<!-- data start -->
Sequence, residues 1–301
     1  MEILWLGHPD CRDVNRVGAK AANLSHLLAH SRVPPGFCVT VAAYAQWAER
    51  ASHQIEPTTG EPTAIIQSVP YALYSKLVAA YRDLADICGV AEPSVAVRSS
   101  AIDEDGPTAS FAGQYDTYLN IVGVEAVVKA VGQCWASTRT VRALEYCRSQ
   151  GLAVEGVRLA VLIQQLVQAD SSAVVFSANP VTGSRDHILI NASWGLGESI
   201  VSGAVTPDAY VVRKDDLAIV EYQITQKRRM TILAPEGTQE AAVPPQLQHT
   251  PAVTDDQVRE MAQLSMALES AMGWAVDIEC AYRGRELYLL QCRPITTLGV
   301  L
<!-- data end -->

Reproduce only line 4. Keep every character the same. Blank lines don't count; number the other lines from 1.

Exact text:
   101  AIDEDGPTAS FAGQYDTYLN IVGVEAVVKA VGQCWASTRT VRALEYCRSQ